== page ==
By Gene Balk / FYI Guy
The Seattle Times
WWR Article Summary (tl;dr) One-third of Americans age 18 to 34 are living with their parents, which has overtaken living with a spouse to become the most common household arrangement for people in this age group in the U.S. However, in Seattle only 10% live at home which is the lowest percentage among the 50 U.S. cities with the largest millennial populations.
The Seattle Times
Kaila McLean never planned to become a “boomerang kid.” That term, if you’re not familiar, refers to the growing number of young adults who’ve moved back in with their parents after living on their own, usually for financial reasons.
After earning a degree in integrated energy management from Central Washington University in June, McLean, 24, landed a job in her field back home in Seattle. She began looking for her own place — and that’s when she ran smack into the grim reality of one of most expensive rental markets in the nation.
One apartment she checked out recently was a 409-square-foot, rent-subsidized studio in Kent, only eligible to people making less than $45,000 a year.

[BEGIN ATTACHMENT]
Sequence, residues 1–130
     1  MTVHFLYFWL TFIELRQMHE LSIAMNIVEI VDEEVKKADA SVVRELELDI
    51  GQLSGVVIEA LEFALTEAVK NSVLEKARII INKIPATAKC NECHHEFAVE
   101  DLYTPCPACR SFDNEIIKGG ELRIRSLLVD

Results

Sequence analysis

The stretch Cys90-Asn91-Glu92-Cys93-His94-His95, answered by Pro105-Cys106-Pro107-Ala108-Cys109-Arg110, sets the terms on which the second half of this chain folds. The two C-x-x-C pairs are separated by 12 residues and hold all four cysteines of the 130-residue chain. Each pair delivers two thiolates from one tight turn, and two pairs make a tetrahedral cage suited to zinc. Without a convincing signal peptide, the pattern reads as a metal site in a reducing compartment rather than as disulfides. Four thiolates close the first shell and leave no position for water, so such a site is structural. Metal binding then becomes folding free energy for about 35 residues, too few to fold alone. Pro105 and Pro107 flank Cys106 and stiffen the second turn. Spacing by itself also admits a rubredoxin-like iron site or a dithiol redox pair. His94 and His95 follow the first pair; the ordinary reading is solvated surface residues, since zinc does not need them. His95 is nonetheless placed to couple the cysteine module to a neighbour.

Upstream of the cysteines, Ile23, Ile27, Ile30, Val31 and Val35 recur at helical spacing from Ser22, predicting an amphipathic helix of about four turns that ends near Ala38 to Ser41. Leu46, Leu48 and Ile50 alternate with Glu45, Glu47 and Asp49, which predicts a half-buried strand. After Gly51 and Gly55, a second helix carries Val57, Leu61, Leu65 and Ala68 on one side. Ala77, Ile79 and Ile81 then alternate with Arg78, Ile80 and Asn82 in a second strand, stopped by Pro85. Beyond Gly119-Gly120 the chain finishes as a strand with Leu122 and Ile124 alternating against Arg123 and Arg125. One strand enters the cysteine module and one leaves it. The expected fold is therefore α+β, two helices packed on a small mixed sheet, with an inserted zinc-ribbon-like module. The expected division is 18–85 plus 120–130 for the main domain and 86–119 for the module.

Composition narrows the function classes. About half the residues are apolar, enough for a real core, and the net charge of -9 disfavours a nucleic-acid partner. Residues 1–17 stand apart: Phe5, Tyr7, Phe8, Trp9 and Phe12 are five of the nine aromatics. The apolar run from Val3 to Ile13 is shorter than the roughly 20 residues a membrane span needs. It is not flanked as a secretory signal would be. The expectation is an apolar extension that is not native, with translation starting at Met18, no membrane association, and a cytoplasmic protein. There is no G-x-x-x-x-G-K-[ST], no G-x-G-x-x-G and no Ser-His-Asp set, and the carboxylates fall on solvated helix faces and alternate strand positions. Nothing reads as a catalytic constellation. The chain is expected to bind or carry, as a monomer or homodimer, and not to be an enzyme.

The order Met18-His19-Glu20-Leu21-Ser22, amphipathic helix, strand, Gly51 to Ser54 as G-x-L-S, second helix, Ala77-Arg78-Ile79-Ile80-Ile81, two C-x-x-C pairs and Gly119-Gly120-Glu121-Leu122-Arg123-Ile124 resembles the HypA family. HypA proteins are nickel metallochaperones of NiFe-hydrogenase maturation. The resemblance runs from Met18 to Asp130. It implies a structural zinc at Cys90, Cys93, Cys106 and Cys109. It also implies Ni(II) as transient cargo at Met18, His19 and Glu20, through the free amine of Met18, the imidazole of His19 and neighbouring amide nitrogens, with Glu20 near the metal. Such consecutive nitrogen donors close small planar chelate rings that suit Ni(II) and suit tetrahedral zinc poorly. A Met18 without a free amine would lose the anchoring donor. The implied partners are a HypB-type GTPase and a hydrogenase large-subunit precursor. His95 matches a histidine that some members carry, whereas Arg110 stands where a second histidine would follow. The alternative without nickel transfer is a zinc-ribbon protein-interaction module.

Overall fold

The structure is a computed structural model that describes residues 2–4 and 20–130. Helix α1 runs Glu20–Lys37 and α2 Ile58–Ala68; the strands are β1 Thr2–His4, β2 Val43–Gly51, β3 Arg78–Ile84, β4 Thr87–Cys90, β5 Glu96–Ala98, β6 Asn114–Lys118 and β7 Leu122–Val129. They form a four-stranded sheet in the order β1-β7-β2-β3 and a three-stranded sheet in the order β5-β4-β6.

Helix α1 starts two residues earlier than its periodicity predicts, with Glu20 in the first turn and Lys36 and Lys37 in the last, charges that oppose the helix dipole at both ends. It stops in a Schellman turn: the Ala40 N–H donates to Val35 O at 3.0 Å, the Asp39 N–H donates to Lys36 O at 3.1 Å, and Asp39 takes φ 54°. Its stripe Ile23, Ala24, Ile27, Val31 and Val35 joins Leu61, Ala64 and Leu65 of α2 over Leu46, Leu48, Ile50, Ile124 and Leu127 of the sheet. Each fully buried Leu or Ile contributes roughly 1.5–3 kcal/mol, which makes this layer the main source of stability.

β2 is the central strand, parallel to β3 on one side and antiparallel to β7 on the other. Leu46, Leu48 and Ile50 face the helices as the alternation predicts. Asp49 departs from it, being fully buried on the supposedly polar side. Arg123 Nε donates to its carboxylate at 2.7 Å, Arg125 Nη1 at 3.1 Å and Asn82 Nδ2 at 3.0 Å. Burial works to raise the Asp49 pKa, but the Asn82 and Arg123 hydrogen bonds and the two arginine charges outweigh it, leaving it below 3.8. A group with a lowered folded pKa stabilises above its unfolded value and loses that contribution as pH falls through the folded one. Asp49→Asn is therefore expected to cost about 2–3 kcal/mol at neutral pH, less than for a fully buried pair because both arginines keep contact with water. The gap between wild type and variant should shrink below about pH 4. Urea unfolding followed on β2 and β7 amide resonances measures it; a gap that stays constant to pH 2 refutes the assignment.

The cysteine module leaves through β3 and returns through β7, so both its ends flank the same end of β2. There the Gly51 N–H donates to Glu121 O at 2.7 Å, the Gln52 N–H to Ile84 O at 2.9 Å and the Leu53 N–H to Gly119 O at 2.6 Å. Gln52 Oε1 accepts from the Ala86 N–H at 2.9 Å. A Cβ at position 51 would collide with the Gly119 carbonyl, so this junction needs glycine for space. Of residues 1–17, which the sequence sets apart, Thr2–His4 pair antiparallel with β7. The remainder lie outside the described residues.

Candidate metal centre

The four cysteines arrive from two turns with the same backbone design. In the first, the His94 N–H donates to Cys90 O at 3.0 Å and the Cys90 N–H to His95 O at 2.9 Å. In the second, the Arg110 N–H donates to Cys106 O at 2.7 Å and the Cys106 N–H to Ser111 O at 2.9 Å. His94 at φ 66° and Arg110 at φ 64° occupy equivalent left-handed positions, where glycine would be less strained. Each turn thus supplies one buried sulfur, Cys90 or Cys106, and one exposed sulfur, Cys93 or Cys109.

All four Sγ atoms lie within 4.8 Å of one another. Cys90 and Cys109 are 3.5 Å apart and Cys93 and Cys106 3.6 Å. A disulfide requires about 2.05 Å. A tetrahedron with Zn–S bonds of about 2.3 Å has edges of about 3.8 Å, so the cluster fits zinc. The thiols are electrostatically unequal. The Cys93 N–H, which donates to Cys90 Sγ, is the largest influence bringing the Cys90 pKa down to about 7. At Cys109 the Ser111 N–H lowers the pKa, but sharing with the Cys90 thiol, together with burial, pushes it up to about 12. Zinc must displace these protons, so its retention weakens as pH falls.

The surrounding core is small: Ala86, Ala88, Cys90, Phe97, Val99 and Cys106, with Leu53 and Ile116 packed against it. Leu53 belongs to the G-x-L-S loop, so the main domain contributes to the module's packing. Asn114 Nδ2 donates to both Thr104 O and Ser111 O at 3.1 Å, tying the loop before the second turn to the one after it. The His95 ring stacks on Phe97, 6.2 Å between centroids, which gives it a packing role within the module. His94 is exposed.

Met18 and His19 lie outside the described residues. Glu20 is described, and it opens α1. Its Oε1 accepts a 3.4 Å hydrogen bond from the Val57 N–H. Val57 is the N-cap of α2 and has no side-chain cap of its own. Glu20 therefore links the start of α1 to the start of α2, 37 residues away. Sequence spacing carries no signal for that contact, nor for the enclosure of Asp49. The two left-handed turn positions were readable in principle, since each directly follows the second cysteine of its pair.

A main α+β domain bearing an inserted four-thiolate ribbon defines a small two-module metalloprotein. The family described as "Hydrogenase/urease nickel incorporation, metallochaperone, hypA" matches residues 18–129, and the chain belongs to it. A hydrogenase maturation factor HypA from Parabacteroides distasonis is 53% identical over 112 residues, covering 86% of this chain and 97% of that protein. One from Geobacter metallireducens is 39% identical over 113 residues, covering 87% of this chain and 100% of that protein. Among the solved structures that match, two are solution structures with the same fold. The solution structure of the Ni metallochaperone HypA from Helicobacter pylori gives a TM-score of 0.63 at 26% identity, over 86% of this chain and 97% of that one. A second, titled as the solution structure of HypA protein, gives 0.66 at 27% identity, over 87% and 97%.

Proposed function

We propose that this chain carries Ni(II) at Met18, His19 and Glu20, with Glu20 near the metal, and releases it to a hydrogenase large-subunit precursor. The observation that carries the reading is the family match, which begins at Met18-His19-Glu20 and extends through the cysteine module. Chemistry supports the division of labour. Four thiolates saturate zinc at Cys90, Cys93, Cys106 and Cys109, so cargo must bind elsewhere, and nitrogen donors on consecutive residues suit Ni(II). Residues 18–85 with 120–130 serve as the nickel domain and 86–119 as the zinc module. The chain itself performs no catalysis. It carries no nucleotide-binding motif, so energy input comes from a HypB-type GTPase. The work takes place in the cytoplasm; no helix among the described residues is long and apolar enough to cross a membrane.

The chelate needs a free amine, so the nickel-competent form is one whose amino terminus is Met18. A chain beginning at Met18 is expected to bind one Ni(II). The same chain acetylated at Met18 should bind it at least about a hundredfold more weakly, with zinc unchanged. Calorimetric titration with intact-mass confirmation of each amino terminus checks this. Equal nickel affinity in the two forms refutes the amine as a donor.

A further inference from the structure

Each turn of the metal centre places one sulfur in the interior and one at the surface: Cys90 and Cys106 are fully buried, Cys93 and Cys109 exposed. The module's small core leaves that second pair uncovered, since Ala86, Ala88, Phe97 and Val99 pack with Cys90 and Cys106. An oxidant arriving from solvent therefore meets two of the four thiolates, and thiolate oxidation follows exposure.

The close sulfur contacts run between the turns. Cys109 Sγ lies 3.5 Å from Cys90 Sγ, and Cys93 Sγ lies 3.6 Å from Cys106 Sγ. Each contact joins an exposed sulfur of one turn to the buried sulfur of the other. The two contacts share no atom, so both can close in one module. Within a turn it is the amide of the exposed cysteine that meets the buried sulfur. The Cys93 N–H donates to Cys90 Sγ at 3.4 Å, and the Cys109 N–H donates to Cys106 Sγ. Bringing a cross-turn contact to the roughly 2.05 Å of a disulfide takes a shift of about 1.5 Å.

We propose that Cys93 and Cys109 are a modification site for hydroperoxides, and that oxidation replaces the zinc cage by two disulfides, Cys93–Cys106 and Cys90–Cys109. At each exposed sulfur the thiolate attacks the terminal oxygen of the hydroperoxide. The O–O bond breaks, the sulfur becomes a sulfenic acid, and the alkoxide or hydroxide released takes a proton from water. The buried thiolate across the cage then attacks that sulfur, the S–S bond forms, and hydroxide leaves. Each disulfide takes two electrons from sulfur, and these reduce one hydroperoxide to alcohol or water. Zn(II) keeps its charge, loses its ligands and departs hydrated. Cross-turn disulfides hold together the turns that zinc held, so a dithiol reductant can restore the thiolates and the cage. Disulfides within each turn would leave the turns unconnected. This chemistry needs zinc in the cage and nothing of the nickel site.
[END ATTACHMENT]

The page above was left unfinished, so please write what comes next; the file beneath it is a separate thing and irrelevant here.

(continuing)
“It was $1,500 a month, not including utilities, and parking was another $150,” she said. Plus there was the monthly fee for McLean’s two dogs. “It all added up to about $2,000 a month.”
So for the time being, she’s back in her old room at her parents’ house in Seattle’s Magnolia neighborhood, saving up money for her own apartment.
McLean is among the one-third of Americans age 18 to 34 living with their parents, which has overtaken living with a spouse to become the most common household arrangement for people in this age group in the U.S.
But among her peers in Seattle, McLean’s situation is much less typical. Census data show that in the city, only one in 10 18-to-34 year olds — about 23,000 people — live under the same roof as their parents, despite the fact that the cost of living is so high here.